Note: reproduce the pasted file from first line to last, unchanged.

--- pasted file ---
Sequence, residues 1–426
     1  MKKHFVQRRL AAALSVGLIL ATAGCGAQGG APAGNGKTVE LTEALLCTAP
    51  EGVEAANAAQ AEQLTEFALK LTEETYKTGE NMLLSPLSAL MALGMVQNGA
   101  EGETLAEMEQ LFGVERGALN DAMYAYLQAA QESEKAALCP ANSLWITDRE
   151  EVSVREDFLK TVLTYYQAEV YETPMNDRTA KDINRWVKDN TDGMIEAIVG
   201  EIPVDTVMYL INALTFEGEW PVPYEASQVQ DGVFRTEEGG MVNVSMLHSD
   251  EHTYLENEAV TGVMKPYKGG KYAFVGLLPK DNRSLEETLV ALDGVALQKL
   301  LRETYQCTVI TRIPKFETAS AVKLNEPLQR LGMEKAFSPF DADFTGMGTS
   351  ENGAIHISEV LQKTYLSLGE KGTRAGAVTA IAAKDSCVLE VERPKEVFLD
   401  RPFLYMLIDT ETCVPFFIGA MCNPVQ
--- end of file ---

Sequence, residues 1–426
     1  MKKHFVQRRL AAALSVGLIL ATAGCGAQGG APAGNGKTVE LTEALLCTAP
    51  EGVEAANAAQ AEQLTEFALK LTEETYKTGE NMLLSPLSAL MALGMVQNGA
   101  EGETLAEMEQ LFGVERGALN DAMYAYLQAA QESEKAALCP ANSLWITDRE
   151  EVSVREDFLK TVLTYYQAEV YETPMNDRTA KDINRWVKDN TDGMIEAIVG
   201  EIPVDTVMYL INALTFEGEW PVPYEASQVQ DGVFRTEEGG MVNVSMLHSD
   251  EHTYLENEAV TGVMKPYKGG KYAFVGLLPK DNRSLEETLV ALDGVALQKL
   301  LRETYQCTVI TRIPKFETAS AVKLNEPLQR LGMEKAFSPF DADFTGMGTS
   351  ENGAIHISEV LQKTYLSLGE KGTRAGAVTA IAAKDSCVLE VERPKEVFLD
   401  RPFLYMLIDT ETCVPFFIGA MCNPVQ